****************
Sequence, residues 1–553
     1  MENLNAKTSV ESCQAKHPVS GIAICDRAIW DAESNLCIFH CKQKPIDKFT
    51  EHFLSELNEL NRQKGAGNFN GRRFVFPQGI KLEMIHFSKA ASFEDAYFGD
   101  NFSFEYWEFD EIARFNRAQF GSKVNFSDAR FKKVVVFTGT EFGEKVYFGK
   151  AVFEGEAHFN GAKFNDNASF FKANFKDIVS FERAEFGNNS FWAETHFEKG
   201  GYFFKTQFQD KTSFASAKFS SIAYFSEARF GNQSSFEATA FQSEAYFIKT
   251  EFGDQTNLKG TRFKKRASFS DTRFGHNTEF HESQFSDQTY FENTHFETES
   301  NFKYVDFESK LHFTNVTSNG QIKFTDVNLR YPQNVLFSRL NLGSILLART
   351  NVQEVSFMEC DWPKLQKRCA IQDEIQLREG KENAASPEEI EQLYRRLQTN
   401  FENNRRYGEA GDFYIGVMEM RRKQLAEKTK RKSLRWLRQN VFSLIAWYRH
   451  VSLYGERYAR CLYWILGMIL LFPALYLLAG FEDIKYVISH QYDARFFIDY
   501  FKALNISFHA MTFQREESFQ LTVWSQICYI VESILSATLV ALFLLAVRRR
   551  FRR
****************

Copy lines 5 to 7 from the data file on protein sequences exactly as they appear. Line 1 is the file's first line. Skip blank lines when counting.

   151  AVFEGEAHFN GAKFNDNASF FKANFKDIVS FERAEFGNNS FWAETHFEKG
   201  GYFFKTQFQD KTSFASAKFS SIAYFSEARF GNQSSFEATA FQSEAYFIKT
   251  EFGDQTNLKG TRFKKRASFS DTRFGHNTEF HESQFSDQTY FENTHFETES